Roofs made from living trees and floating houses on reed islands are among the urban planning concepts developed by engineering studio Buro Happold in collaboration with indigenous communities as part of an installation called Symbiocene.
The project, commissioned for the exhibition Our Time on Earth at London’s Barbican Centre, presents three proposals for how indigenous building technologies could be applied to cities by 2040 to make them more resilient to climate breakdown without contributing to it.
Visualised through architectural models overlaid with video projections, each concept is based on a nature-based design strategy developed by different aboriginal communities from around the world – the War Khasi of north-eastern India, the Ma’dan of southern Iraq and Bali’s Subak farming cooperatives.
Through a series of workshops between the first nation builders and engineers from British firm Buro Happold, these technologies were applied to the most pressing environmental issues facing our cities – water scarcity, rising temperatures and sea levels.
“Cities all over the world are completely aware that conventional construction is very problematic in terms of the climate emergency and ongoing resilience,” said Buro Happold’s sustainability director Smith Mordak.
“We have solutions but we’re usually looking in the wrong places. If we collaborate with indigenous communities, who have been developing technologies that are respectful of the way that ecosystems work for centuries, then we can have a vision for 2040.”
The first Symbiocene concept uses the floating islands made from layers of reed, on which the Ma’dan build their homes in the marshes of southern Iraq, to help retrofit coastal communities so they can survive higher sea levels.
This would involve jacking up lighter at-risk structures like single-family houses and building a structure underneath so they can be lifted onto reed islands and turned into off-grid homes with their own energy supply and composting toilets.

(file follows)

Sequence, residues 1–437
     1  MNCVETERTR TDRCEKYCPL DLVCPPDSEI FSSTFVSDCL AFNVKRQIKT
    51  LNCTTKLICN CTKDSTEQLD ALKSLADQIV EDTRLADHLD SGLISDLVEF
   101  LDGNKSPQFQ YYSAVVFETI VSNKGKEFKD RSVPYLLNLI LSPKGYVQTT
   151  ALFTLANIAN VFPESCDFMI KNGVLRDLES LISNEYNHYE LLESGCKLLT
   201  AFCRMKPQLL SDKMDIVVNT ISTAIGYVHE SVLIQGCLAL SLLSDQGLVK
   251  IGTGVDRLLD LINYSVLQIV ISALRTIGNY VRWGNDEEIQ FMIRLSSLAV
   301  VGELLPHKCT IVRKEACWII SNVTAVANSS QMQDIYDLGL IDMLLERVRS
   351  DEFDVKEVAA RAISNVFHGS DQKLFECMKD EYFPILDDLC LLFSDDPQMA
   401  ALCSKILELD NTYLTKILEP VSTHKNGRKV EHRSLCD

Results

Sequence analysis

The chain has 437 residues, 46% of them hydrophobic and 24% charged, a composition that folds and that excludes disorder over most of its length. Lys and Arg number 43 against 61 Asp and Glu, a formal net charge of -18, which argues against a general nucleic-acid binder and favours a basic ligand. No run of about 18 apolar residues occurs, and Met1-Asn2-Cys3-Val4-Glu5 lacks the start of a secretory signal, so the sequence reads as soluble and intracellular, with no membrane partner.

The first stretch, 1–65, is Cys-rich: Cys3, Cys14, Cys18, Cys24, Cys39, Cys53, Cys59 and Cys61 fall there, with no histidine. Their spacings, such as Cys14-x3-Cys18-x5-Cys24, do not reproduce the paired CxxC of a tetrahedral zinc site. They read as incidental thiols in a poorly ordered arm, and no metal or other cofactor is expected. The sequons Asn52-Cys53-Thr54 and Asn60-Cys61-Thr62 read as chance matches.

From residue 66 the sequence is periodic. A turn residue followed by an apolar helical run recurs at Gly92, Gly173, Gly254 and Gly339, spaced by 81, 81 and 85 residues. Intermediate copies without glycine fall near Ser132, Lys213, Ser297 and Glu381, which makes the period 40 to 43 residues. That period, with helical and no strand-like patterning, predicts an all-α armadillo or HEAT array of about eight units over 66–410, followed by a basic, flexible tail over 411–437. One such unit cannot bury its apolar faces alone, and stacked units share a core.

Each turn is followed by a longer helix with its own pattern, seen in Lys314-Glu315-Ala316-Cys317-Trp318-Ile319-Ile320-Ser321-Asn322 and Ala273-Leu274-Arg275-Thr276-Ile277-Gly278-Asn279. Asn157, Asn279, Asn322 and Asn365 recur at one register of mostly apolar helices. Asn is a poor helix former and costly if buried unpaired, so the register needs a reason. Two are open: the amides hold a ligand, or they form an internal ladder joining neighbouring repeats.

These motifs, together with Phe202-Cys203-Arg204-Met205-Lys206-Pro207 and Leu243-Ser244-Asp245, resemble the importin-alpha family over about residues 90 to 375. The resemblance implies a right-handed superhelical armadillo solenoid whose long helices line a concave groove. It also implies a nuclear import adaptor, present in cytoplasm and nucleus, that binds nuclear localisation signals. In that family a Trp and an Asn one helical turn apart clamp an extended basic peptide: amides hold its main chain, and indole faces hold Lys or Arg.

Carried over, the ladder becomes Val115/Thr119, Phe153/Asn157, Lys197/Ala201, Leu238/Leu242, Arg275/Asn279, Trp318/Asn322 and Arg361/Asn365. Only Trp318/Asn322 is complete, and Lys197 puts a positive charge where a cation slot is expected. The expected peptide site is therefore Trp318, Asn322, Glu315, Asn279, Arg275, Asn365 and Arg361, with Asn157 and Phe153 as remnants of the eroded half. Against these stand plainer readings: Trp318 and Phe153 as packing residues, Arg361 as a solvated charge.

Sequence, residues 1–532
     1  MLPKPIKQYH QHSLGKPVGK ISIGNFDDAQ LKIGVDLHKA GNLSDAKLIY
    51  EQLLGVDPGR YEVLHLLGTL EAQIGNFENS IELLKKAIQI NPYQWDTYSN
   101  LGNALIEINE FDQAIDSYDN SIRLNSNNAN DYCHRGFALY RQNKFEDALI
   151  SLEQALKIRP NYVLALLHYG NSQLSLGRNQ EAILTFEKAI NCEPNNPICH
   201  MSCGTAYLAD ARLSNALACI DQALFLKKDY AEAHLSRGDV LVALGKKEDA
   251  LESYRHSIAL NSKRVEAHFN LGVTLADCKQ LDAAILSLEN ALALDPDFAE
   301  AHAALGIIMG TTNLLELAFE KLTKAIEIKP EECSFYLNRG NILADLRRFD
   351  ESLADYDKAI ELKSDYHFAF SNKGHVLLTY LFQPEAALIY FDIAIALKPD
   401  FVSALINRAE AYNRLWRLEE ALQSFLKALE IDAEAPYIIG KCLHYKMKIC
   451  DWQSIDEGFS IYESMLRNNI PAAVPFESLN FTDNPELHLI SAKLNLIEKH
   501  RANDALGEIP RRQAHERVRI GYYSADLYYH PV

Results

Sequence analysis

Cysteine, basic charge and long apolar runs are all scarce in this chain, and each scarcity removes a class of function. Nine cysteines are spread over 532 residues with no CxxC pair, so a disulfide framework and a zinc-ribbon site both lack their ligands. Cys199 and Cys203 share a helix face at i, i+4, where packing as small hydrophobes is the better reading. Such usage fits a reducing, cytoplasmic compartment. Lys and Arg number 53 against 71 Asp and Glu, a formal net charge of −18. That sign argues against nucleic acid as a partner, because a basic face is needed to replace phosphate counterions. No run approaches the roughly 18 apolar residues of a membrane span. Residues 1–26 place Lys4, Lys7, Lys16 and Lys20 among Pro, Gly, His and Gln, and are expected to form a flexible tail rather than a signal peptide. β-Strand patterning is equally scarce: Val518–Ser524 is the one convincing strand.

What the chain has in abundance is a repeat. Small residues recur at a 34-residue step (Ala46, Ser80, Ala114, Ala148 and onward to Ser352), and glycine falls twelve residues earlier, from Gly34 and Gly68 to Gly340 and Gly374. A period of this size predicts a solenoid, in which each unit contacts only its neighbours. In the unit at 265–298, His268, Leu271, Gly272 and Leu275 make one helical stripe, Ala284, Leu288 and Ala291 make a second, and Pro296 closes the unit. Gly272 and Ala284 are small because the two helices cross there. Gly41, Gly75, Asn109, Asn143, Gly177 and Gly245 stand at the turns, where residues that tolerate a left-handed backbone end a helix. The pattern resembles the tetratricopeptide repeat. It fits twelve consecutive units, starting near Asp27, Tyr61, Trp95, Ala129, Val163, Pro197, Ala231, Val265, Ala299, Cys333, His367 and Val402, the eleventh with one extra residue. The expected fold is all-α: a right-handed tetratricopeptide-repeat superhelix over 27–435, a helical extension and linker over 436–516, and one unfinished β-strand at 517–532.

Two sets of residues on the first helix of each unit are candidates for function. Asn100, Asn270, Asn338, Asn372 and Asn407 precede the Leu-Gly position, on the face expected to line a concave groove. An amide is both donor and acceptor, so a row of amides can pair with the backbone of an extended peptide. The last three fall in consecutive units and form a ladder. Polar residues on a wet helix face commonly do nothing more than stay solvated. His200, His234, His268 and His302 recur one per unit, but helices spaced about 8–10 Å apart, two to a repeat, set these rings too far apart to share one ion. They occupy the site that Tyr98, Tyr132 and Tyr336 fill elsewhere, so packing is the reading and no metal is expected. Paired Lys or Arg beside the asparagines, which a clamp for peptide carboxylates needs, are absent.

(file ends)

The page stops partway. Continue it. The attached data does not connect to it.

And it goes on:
“When the reeds decompose, they trap air so they create these buoyant bubbles, which means that the islands are floating,” Mordak told Dezeen.
“And then you can create homes on them, you can farm on them because the layers upon layers of the reeds create an island and an earth. And underneath the islands, there are these amazing bio-havens that provide habitat for water life.”
Using pontoon bridges, these floating islands could then be connected to existing infrastructure that has survived on higher ground as well as larger buildings raised up on stilts.
In this way, the project hopes to offer an alternative to common flood resilience proposals like barge communities, which would require considerable resources to build from scratch.
“We talk a lot about retrofitting rather than building new and we wanted to apply some of that thinking to existing waterfront communities,” Mordak said.
“A lot of the ideas that have been put forward are kind of like concrete pontoons but we were trying to look at a bio-based approach.”
The second concept uses a trellising technique, which the War Khasi people use to construct bridges from living trees, to form a network of covered walkways connecting city dwellers to public transport stations.